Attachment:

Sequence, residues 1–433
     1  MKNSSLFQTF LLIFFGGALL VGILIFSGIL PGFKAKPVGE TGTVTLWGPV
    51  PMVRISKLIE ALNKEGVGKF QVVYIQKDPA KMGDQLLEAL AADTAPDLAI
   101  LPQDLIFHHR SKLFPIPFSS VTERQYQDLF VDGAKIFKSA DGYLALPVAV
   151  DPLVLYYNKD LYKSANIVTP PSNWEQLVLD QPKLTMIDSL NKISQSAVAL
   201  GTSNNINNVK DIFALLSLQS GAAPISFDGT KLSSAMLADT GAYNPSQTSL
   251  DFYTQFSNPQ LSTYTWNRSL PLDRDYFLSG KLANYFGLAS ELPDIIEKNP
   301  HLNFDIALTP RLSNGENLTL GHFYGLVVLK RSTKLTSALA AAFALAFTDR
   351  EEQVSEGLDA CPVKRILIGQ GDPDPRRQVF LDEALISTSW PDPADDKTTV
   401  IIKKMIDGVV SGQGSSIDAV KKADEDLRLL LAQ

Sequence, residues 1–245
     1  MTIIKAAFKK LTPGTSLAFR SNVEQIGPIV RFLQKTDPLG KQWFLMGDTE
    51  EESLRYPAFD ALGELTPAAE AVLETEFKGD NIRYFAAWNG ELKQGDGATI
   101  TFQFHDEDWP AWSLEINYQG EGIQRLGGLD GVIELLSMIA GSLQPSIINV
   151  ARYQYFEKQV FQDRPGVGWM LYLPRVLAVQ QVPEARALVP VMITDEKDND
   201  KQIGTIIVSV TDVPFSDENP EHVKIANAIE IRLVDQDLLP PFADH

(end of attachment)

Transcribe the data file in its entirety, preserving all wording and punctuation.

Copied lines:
Sequence, residues 1–433
     1  MKNSSLFQTF LLIFFGGALL VGILIFSGIL PGFKAKPVGE TGTVTLWGPV
    51  PMVRISKLIE ALNKEGVGKF QVVYIQKDPA KMGDQLLEAL AADTAPDLAI
   101  LPQDLIFHHR SKLFPIPFSS VTERQYQDLF VDGAKIFKSA DGYLALPVAV
   151  DPLVLYYNKD LYKSANIVTP PSNWEQLVLD QPKLTMIDSL NKISQSAVAL
   201  GTSNNINNVK DIFALLSLQS GAAPISFDGT KLSSAMLADT GAYNPSQTSL
   251  DFYTQFSNPQ LSTYTWNRSL PLDRDYFLSG KLANYFGLAS ELPDIIEKNP
   301  HLNFDIALTP RLSNGENLTL GHFYGLVVLK RSTKLTSALA AAFALAFTDR
   351  EEQVSEGLDA CPVKRILIGQ GDPDPRRQVF LDEALISTSW PDPADDKTTV
   401  IIKKMIDGVV SGQGSSIDAV KKADEDLRLL LAQ

Sequence, residues 1–245
     1  MTIIKAAFKK LTPGTSLAFR SNVEQIGPIV RFLQKTDPLG KQWFLMGDTE
    51  EESLRYPAFD ALGELTPAAE AVLETEFKGD NIRYFAAWNG ELKQGDGATI
   101  TFQFHDEDWP AWSLEINYQG EGIQRLGGLD GVIELLSMIA GSLQPSIINV
   151  ARYQYFEKQV FQDRPGVGWM LYLPRVLAVQ QVPEARALVP VMITDEKDND
   201  KQIGTIIVSV TDVPFSDENP EHVKIANAIE IRLVDQDLLP PFADH